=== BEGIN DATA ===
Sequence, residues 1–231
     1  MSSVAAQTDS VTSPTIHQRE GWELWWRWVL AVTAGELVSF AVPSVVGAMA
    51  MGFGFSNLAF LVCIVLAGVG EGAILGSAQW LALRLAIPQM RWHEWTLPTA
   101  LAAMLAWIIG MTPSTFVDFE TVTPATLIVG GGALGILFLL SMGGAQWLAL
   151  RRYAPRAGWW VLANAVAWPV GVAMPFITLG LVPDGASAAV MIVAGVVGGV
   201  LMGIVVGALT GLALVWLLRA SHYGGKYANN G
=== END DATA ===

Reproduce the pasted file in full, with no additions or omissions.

Sequence, residues 1–231
     1  MSSVAAQTDS VTSPTIHQRE GWELWWRWVL AVTAGELVSF AVPSVVGAMA
    51  MGFGFSNLAF LVCIVLAGVG EGAILGSAQW LALRLAIPQM RWHEWTLPTA
   101  LAAMLAWIIG MTPSTFVDFE TVTPATLIVG GGALGILFLL SMGGAQWLAL
   151  RRYAPRAGWW VLANAVAWPV GVAMPFITLG LVPDGASAAV MIVAGVVGGV
   201  LMGIVVGALT GLALVWLLRA SHYGGKYANN G